Think about how you can bring the biggest value to your work and the projects you undertake.

                      3. Use the Strengths of Your Team

                      One of the simplest ways to manage your workload effectively is to free up your time so you bring your highest level of energy, focus and strengths to each project.

                      Delegation or better teamwork is the solution.

                      Everyone has unique strengths. It’s essential to think teamwork rather than working in isolation to ensure projects can be completed effectively. Besides, every time you give away a task or project that doesn’t play to your unique strengths, you open up an opportunity to do something you’re more talented at. This will empower both yourself and those around you.

                      Rather than taking on all the responsibilities yourself, look at who you can work with to deliver the best results possible.

                      4. Take Time for Planning

                      “Give me six hours to chop down a tree and I will spend the first four sharpening the axe”. – Abraham Lincoln

                      One hour of effective planning could save hours of time. Rather than just rushing in and getting started on projects, take the time to map everything in.

                      You can take the time to think about:

                      • What’s the purpose of the project?
                      • How Important is it?
                      • When does it need to be delivered by?
                      • What is the best result and worst result for this project?
                      • What are the KPIs?
                      • What does the project plan and key milestones look like?
                      • Who is working on this project?
                      • What is everyone’s responsibilities?
                      • What tolerances can I add in?
                      • What are the review stages?
                      • What are the challenges we may face and the solutions for these challenges?

                      Having absolute clarity on the project, the project deliverables and the result you want can save a lot of time. It also gets you clear on the priorities and timelines, so you can block out the required amount of time to focus and concentrate.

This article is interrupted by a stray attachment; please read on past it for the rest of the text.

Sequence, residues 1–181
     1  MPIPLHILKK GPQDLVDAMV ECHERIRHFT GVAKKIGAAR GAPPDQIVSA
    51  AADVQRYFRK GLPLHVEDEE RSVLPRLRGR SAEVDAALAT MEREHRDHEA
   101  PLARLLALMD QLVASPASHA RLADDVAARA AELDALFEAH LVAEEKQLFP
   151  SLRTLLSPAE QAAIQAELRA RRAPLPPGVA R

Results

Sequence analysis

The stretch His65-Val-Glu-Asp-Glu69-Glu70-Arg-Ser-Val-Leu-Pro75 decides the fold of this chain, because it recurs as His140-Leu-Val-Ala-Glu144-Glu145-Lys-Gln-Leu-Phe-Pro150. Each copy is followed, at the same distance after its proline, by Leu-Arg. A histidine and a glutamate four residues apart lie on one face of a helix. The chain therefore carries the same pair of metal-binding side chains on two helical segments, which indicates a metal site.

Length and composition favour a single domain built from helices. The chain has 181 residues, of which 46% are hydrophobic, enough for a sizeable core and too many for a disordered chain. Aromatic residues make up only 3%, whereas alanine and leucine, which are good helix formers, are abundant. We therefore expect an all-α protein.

5. Focus on Priorities

                      Not everything is a priority, although it can often feel, in the moment, that it is.

                      Whatever you’re working on, there is always the Most Urgent, Important or Most Valuable projects or tasks.

                      One tool you can use to maximize your productivity and focus on your biggest priorities is to use the Eisenhower Matrix. This strategic tool for taking action on the things that matter most is simple. You separate your actions based on four possibilities:

                      1. Urgent and important (tasks you will do immediately).
                      2. Important, but not urgent (tasks you will schedule to do later).
                      3. Urgent, but not important (tasks you will delegate to someone else).
                      4. Neither urgent nor important (tasks that you will eliminate).

                      James Clear has a great description on how to use the Eisenhower Matrix: How to be More Productive By Using the Eisenhower Box

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                        The method I use with my coaching clients is to ask them to lay out their Top Five priorities for the day. Then to start with the most important priority first. At the end of the day, you review performance against these priorities.

                        If you didn’t get everything accomplished, start the next day with your number one priority.

                        If you are given additional task/projects during the day, then you will need to gauge their importance V the other priorities.

                        6. Take Time Out

                        To stay on top of a heavy workload, it’s important to take time out to rest and recuperate.

                        If your energy levels are high and your mind and body is refreshed and alert, you are in more of a peak state to handle a heavy workload.

                        Take time out of your day to go for a walk or get some exercise in. Leave early when possible and spend time with people who give you a lot of energy.

                        In the background, it’s essential to get a good night’s sleep and eat healthily to sharpen the mind.

                        Take a look at this article learn about The Importance of Scheduling Downtime.

                        7. Maintain a Healthy Work-Life Balance

                        Maintaining a healthy work-life balance can be tough. The balance we all crave is very different from one another.

                        I’ve written before about 13 Work Life Balance Tips for a Happy and Productive Life. Working longer and harder doesn’t mean achieving more, especially if you have no time to spend with the people that matter most. The quality of who you are as a person, the relationships you have, the time you spend in work, deciding on what matters most is completely within your control.

                        Work-life balance is about finding peace within yourself to be fully present, wherever you are, whether that be in the office or at home, right now. It’s about choosing what matters most and creating your own balanced life.

                        If you feel there is not enough balance, then it may be time to make a change.

                        8. Stop Multitasking

                        Multi-tasking is a myth. Your brain simply can’t work effectively by doing more than one thing at a time—at least more than one thing that requires focused attention.